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Tim Jackson was partly through a car repair Thursday night when he learned that Ford's Wayne, Michigan factory had been tapped as one of three plants nationally to strike.
"Everybody started yelling," Jackson recalled as he stood outside the Ford assembly plant on Friday evening while passing cars honked in approval of the United Auto Workers strike.
Spirits were high on the picket line throughout Friday, the opening salvo in the 88-year-old union's first ever simultaneous strike of Detroit's "Big Three" auto manufacturers.
The UAW had for weeks telegraphed a potential stoppage at General Motors, Ford and Jeep-maker Stellantis, with chatter in recent days of a limited strike rather than a comprehensive walkout of the 150,000 union members across the United States.
UAW President Shawn Fain described his goal as keeping the companies off balance to maximize bargaining leverage with a targeted strike that could be expanded over time.
But union members were also in the dark about the chosen plants. When Fain ultimately unveiled the picks late Thursday, Wayne was on the list, along with a GM factory in Wentzville, Missouri and a Stellantis facility in Toledo, Ohio.
"It felt good and scary all at the same time," said Jackson, who sees the demand of a higher hourly wage as key to being able to spend more time with his family instead of working 70 to 80-hour weeks.
While Jackson was hearing the news about Wayne, around 300 miles (480 kilometers) away anticipation was high in Louisville, Kentucky that Ford's truck plant would be picked.
But Tameka Colon shrugged as she recounted the moment she learned Louisville was not chosen, noting that the Local 862 had been organizing strike logistics for weeks in case it got the call.
"I'm going to trust the process," she said. "But I was a little disappointed that we did not get chosen because I feel like we are an ideal plant to strike and really make an impact."
Instead of walking out on strike, Colon worked a 12-hour shift through the night before joining about 40 other Local 862 members as they bussed five hours to Michigan for a UAW rally in downtown Detroit headlined by Fain and progressive Senator Bernie Sanders from Vermont.
"We came off the bus chanting," said Colon as she held printouts of union chants, some highlighted in yellow.
"We've got the mojo and it spreads like wildfire," Colon said. "People need to see that and the companies need to see that."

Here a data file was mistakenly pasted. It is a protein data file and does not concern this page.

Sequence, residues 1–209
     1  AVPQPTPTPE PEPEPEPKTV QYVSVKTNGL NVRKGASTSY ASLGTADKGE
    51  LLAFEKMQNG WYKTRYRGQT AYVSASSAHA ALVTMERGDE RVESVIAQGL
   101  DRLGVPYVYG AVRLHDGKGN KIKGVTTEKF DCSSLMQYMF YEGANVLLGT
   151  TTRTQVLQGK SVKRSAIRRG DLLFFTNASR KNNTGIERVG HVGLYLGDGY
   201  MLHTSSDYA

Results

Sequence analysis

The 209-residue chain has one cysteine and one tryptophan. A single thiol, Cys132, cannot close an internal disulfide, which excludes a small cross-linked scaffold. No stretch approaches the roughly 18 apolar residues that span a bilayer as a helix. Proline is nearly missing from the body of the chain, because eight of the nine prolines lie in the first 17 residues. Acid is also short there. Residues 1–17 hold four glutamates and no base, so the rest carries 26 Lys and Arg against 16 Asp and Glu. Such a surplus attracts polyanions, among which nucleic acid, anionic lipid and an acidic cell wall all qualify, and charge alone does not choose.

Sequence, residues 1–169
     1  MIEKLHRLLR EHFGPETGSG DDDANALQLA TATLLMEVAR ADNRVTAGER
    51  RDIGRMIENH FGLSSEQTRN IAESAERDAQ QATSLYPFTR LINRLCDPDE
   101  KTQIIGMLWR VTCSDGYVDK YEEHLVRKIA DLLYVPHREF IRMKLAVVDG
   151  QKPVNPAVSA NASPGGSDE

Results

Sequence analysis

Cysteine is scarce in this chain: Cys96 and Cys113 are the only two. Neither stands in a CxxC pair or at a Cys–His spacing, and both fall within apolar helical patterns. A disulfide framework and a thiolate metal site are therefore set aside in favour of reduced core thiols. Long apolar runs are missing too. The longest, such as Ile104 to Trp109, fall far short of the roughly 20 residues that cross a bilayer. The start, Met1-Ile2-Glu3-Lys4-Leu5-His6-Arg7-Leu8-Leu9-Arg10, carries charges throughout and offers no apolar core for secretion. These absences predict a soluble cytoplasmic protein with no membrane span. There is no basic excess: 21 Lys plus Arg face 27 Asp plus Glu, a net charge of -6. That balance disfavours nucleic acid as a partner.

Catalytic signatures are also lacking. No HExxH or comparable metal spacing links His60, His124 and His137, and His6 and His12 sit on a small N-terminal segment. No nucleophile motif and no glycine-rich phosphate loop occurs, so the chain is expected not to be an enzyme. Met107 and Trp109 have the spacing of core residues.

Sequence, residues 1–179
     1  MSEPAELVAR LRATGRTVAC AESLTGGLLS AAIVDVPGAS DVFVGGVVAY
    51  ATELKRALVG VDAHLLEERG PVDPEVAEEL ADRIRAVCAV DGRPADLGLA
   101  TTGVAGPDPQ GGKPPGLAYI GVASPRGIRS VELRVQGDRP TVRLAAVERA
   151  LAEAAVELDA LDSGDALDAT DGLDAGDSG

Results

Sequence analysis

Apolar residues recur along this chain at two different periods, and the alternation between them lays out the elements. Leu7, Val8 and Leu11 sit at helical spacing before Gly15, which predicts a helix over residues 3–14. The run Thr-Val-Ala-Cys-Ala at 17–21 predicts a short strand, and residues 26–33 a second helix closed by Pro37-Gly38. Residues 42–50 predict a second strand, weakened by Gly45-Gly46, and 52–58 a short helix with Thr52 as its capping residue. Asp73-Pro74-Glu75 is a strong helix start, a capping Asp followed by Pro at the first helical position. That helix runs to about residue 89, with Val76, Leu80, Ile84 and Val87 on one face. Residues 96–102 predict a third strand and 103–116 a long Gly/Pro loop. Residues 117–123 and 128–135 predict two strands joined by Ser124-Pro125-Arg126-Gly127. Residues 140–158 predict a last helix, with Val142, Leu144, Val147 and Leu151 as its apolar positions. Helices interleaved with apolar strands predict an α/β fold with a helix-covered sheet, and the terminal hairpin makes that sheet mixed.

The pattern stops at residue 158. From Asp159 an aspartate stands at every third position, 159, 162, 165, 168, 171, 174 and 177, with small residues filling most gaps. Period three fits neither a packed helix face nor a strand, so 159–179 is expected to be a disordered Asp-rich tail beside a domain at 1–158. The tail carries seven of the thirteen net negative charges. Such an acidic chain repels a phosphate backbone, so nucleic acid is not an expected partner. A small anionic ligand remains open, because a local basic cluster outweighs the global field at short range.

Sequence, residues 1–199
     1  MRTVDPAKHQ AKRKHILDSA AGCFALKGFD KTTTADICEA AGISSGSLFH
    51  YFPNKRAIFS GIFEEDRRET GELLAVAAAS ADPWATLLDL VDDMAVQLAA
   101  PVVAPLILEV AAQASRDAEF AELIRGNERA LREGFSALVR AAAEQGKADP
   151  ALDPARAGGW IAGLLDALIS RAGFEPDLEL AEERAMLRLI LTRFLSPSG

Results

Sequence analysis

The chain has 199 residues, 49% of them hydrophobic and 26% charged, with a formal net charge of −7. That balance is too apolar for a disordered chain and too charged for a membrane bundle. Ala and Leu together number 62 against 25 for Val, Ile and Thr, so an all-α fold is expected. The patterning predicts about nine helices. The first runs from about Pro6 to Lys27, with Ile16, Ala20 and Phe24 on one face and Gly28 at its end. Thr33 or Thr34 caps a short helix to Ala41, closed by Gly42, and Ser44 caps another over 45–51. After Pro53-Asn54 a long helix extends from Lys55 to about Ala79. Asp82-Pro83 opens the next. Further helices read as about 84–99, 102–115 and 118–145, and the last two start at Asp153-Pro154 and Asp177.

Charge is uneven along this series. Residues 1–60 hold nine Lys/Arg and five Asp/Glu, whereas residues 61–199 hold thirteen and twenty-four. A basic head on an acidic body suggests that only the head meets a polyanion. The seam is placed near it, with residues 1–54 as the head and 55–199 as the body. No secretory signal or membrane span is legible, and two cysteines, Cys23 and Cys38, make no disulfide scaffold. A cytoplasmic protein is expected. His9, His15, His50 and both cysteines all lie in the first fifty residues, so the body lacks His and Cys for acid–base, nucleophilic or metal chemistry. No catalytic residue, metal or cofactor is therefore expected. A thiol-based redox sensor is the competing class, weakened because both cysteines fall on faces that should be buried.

Polls suggest broad public support for the union, especially in comparison with CEOs from the three companies, who each make eight-figure salaries.
But Sofus Nielson, who has worked at Ford for 29 years, does not expect the companies to bow quickly.
"They're gonna try to make people feel it and hurt," he said, describing Friday's cheer as a reflection of the novelty of the strike.
But Nielson expects a "different attitude" in three weeks if workers are still on the picket line, receiving just $500 weekly in strike pay instead of normal wages.
The strike comes as an auto industry transition to electric vehicles gathers momentum. All three of the companies are investing billions of dollars to build new factories and reboot existing sites for the electric era.
Uncertainty about what the change means for auto workers has been a focal point for Fain echoed by some officials at union locals.
But rank-and-file workers told AFP on Friday that their priority in the strike was winning better wages and benefits, especially for younger colleagues, who can be paid just $15 or $17 an hour in a "temporary" status that can drag on for years.
Workers also expressed disgust at a "tier" system in which junior employees are paid less for the same work and don't get a pension.
Ramona Jocys, who has worked at Ford for 33 years, was not assigned to strike duty Friday, but came to the picket line in solidarity with fellow UAW members, including her son-in-law, whom she said makes only half her salary.
"I'm standing right next to my son-in-law who is a part of the tier wage, because he deserves to make good money to feed his family," she said.
"And I'm going to retire soon, but he's gonna carry on. And it's important that we do what we have to do now to ensure the survival of our families."
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